Tables in this article use the following notation:

Value in italics     data value is forecasted, provisional or estimated and is therefore likely to change;
: not available, confidential or unreliable value;
not applicable.



The key objectives of the EU’s energy policy may be grouped together under three main headings:

  • to secure energy supplies, ensuring the reliable provision of energy;
  • to ensure that that energy providers operate in a competitive environment;
  • to promote sustainable energy consumption, through the lowering of greenhouse gas emissions, pollution, and fossil fuel dependence.

The EU’s Energy Union seeks to ensure secure, affordable and climate-friendly energy, by promoting the free flow of energy across national borders within the EU. With this in mind, new pipelines and power lines are being built to develop EU-wide networks for gas and electricity, and common rules are being designed to increase competition between suppliers and to promote consumer choice. At the same time, the EU is trying to stimulate the domestic production of energy (especially through the development of renewable energy sources) and to promote energy efficiency.

One of the biggest challenges facing the EU is its dependence on energy imports, as these account for more than half of the energy consumed in the EU each year. There are a range of related issues, including: rising global demand; energy price fluctuations; scarcity of supply for some fuels; or, the small number of global energy producers and associated geopolitical concerns.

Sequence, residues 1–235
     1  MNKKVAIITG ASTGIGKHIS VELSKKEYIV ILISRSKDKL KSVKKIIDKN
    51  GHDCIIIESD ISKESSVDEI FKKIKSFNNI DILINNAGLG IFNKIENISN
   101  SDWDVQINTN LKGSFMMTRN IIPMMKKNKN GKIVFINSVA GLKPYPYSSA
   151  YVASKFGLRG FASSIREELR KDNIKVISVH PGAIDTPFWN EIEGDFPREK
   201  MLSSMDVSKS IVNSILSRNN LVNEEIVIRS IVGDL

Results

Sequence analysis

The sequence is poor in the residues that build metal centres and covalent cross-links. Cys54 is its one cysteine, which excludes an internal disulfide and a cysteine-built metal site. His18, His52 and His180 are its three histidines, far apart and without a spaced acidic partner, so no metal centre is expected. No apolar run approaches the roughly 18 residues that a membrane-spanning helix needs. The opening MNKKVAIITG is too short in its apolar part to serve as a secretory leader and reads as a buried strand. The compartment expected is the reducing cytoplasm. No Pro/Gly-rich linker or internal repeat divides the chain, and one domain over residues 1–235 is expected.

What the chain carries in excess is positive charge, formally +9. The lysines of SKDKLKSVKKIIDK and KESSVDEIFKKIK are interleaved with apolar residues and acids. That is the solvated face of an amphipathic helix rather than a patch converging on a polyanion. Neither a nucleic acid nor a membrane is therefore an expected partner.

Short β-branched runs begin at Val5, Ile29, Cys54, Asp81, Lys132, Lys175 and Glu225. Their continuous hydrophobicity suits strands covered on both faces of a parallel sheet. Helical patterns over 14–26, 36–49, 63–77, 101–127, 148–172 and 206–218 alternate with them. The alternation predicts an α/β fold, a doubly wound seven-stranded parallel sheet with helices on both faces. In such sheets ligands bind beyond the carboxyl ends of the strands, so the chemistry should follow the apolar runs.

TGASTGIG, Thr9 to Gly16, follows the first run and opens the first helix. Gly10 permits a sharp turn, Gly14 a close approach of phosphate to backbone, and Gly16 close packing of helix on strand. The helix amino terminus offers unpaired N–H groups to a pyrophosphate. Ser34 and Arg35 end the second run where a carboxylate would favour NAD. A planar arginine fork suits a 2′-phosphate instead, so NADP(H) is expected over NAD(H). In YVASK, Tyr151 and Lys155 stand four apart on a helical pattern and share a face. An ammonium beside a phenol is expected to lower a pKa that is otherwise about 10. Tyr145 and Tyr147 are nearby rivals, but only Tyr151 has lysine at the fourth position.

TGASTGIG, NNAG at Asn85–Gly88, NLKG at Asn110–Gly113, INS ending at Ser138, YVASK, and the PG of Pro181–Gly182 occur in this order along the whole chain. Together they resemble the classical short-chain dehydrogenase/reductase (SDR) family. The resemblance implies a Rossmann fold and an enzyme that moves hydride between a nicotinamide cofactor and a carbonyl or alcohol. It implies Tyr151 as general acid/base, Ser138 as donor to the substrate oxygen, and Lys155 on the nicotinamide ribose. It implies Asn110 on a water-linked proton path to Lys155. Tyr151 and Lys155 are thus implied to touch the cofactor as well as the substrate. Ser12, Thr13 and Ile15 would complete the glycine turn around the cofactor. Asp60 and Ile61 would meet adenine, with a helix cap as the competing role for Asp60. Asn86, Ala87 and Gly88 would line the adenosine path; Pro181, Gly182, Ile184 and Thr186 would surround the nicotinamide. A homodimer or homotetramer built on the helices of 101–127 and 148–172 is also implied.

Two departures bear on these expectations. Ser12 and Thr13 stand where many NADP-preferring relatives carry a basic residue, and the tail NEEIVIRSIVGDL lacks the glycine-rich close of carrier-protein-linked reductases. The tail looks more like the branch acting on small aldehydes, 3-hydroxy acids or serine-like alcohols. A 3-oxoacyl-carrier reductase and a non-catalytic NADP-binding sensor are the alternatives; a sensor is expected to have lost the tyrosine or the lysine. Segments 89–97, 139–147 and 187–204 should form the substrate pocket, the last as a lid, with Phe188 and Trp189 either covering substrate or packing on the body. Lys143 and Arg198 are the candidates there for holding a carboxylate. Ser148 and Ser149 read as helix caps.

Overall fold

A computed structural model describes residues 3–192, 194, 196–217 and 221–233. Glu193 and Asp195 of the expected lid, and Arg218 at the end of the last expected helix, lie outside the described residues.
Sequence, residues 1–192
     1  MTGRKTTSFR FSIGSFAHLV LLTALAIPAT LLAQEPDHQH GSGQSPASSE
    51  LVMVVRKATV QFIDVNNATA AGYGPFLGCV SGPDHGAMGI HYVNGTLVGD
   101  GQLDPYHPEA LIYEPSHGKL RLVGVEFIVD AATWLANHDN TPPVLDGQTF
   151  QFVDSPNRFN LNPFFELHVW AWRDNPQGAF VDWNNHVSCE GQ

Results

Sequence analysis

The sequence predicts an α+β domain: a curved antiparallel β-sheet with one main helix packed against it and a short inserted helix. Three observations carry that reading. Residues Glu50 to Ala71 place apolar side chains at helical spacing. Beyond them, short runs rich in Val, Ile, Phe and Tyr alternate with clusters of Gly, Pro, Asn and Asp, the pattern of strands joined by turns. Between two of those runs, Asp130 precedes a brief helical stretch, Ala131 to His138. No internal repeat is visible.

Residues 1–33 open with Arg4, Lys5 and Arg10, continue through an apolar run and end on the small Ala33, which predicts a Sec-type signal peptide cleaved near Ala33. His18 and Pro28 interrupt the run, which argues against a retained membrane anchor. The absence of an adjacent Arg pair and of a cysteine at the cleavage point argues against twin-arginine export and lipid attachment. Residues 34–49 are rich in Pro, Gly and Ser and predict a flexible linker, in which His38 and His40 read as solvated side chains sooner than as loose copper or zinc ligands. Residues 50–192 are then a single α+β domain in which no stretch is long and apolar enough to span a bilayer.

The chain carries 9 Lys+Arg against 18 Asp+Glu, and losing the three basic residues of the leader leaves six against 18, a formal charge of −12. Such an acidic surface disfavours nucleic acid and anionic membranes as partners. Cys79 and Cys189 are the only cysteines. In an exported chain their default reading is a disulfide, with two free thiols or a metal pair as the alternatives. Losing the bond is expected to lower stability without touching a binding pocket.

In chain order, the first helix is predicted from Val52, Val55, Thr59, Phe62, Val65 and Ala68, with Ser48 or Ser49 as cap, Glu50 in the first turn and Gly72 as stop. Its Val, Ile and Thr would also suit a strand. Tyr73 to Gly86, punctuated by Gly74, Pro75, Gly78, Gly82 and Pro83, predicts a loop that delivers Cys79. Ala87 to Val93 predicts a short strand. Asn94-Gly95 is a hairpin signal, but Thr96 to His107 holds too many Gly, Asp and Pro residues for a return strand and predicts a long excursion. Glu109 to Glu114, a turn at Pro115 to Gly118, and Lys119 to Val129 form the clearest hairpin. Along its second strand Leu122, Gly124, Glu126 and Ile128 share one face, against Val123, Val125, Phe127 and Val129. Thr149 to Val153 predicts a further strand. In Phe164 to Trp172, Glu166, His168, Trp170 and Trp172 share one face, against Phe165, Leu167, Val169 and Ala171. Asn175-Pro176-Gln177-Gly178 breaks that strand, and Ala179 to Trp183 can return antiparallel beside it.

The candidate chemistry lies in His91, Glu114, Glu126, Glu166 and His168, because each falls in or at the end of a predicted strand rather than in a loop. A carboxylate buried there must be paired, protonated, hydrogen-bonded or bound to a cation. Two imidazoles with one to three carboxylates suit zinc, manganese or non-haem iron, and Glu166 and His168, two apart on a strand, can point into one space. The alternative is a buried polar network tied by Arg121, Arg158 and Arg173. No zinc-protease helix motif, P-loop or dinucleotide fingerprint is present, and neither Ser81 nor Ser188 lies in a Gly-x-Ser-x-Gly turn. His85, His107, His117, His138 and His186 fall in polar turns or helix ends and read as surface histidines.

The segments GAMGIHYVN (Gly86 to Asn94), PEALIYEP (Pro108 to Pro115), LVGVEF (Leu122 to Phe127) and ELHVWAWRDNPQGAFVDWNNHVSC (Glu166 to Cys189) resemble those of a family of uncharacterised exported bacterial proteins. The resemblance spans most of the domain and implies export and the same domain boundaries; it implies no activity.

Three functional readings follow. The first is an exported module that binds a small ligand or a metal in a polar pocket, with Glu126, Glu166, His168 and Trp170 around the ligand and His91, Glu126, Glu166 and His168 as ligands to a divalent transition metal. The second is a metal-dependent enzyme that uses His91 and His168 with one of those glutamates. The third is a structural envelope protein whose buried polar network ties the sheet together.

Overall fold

To pursue these goals, the EU has developed a strategy that is based on a collection of targets that have been formulated for 2020, 2030, and 2050. In December 2011, the Energy Roadmap 2050 set a long-term goal for reducing greenhouse gas emissions by 80-95 % (when compared with 1990 levels) and alluded to four key areas for creating a more sustainable, competitive and secure energy system by 2050: energy efficiency; renewable energy; nuclear energy; and carbon capture and storage.

The 2020 Energy Strategy defines the EU’s energy priorities for the period 2010-2020 and aims to:

  • reduce greenhouse gases by at least 20 % (compared with 1990);
  • increase the share of renewable energy in the EU’s energy mix to at least 20 % of consumption;
  • improve energy efficiency by at least 20 %;
  • see all EU Member States achieving a 10 % share of renewable energy in their transport sectors.

These initial targets were further developed and a new set of headline targets for 2030 were agreed by EU heads of state and government on 24 October 2004, namely to:

  • reduce greenhouse gas emissions by at least 40 % (compared with 1990);
  • raise the share of renewable energy consumption in the energy mix to at least 27 %;
  • make at least 27 % energy efficiency savings (and possibly 30 %, target to be reviewed in 2020);
  • complete the internal energy market and to push ahead with infrastructure projects.